I learned much from the experience, including what kind of consistency you can expect from such a machine.

When the time came to start growing my farm I narrowed my choices down to the popular yet expensive Prusa I3 series and a Chinese clone of it, available for less than half the price.

My goal is to work with my 3d printers, not on them! (Plus I like supporting innovators)

So I opted for the high price of consistency. My small print farm now includes 6 Original Prusa printers.

Time has seen the copycat technology catch up with him though. All creative work is inspired by something else and as improvisers hone their own recipe they end up creating a new standard.

Nowadays you can get a full featured work horse of a machine for $250! … I hate to admit it but my 7th printer is an Anycubic Kobra, made in China. Though just days ago Prusa finally released amazing new tech so guess what printer #8 will be?

From a Producer’s Perspective:

I chose to share the bread baking story after recently reading a negative critique of my own work.

Someone attempted to build a CylinDraw without one of my kits. The project is open source so that’s acceptable, but the maker criticized my sales price and design choices, choosing to substitute his own hardware in places.

Sure enough the result appeared to be a problematic machine. A project abandoned. I can sympathize with failed experiments but I feel great about my documentation so I’ll give you one guess how responsible I feel for that result.

On the other hand, sometimes customers will surprise you with a pleasant improvisation.

Adam Soule & his team of scientists used a CylinDraw kit to help get kids interested in ocean science.

They collected children’s drawings and used my software to directly convert them into art on Styrofoam cups.

Then they took those cups on a manned submarine deep underwater where the high pressure compressed the open cell foam into cute mini cups. 🙂


Further Reading:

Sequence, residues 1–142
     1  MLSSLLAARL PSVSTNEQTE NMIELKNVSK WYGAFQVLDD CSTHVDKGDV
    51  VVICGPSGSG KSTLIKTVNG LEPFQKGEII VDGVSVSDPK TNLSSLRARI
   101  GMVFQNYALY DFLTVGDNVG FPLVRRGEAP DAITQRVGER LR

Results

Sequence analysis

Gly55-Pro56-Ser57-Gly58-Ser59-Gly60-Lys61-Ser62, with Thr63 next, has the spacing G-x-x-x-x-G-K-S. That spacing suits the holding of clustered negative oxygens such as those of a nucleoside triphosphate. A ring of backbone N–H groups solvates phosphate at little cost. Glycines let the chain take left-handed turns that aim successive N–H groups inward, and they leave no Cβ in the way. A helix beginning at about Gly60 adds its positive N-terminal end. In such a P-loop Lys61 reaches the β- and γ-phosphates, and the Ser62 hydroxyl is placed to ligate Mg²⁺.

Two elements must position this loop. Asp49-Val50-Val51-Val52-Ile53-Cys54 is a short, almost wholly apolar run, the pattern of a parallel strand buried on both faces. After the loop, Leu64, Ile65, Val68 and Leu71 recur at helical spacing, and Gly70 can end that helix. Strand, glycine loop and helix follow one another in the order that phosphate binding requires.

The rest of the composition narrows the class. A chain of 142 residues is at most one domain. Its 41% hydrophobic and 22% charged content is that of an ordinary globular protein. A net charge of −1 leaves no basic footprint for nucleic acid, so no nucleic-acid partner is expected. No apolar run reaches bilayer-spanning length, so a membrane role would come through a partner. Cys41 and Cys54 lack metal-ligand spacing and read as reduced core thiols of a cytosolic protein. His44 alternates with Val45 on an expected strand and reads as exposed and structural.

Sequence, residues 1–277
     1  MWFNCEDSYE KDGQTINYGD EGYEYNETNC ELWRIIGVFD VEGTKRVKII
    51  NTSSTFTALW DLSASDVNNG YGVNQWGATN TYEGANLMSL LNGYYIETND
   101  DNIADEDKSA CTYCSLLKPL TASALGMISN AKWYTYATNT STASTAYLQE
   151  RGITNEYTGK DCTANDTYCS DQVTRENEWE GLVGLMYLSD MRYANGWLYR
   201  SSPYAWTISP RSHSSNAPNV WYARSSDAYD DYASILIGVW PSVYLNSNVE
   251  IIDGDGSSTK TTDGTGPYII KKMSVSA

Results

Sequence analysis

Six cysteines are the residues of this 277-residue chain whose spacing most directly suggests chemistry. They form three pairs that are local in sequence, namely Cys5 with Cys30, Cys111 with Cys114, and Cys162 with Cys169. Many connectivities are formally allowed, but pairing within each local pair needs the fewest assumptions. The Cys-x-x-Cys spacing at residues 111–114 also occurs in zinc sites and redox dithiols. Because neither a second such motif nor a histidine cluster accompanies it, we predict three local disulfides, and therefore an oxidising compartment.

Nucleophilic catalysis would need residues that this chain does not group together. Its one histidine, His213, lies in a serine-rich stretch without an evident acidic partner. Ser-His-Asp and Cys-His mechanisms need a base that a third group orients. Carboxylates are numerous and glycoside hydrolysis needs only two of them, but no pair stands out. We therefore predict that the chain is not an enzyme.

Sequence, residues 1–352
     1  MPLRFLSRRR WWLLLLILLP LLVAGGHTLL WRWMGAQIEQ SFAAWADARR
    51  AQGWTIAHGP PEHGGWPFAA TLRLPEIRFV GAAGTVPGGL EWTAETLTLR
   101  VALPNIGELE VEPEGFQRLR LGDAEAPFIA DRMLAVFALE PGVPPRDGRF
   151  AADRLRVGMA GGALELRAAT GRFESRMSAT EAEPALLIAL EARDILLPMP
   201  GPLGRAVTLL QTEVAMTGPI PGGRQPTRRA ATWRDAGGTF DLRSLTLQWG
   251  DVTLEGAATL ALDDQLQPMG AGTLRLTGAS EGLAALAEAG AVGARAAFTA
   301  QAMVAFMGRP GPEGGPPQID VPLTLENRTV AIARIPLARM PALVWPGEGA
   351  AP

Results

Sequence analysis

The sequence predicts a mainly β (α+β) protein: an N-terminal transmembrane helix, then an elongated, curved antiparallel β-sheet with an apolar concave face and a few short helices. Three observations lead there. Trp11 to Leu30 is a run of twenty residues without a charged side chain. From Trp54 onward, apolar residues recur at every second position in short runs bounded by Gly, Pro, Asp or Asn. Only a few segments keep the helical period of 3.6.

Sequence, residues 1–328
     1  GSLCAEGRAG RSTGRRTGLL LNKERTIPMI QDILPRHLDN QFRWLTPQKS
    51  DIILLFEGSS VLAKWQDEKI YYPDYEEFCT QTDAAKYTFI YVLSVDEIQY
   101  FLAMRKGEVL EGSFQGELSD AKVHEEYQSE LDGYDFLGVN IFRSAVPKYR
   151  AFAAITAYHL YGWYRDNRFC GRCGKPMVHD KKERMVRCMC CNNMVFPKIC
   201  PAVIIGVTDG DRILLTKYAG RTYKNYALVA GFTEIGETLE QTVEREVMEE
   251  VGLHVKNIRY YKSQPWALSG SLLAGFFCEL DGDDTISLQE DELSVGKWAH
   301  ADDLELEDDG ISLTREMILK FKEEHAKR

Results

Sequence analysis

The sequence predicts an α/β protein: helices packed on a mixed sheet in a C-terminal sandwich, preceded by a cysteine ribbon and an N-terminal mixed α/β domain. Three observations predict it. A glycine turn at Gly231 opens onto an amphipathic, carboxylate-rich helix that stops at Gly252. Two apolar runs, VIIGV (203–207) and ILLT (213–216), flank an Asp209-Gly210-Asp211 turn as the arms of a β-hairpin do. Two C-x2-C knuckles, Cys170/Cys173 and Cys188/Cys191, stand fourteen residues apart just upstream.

The intro to this post was written in a style meant to imitate one of my favorite bloggers. Simon Sarris from The Map is Mostly Water knows how to give new relevance to ancient stories!

Not that I intend to make a habit out of mimicking him, I only had the one old story to tell. It’s based on a fable I remember from my childhood but neither I nor 2 librarians have been able to track it down.

The art has no direct relation to the story beyond similar subject matter. I picked those 2 pieces to illustrate my point.


I recently finished reading the entirety of a cookbook… Which sounds like an odd thing to do except this was not your typical cookbook.

Each recipe in Make the Bread, Buy the Butter is preceded by a short story from the authors life. I’ll leave you with her words:

” ‘People think nothing of buying frozen peanut butter and jelly sandwiches (sic. Uncrustables) for their children’s lunch boxes.’ …I felt briefly smug in the certainty that I was not so lazy or compromised that I would ever buy mass-produced peanut butter and jelly sandwiches. Then I thought, People probably once said that about peanut butter. And bread. And jelly. They almost certainly said it about waffles, and pie crust, and pudding. Not so long ago, people must have wondered who couldn’t fry her own donuts, grind her own sausage, cure her own bacon. Kill her own bacon! The more I thought about it, the more arbitrary it seemed to draw a line in the sand at the frozen PB&J.”

 Jennifer Reese





    • Thank you!! I took a break from offering the fully assembled Cylindraw because the time commitment is a bit much right now. If I deactivate that option on Etsy then customers cant see any options and think they are getting the assembled version for the cost of the kit version, so the 9k is a place holder.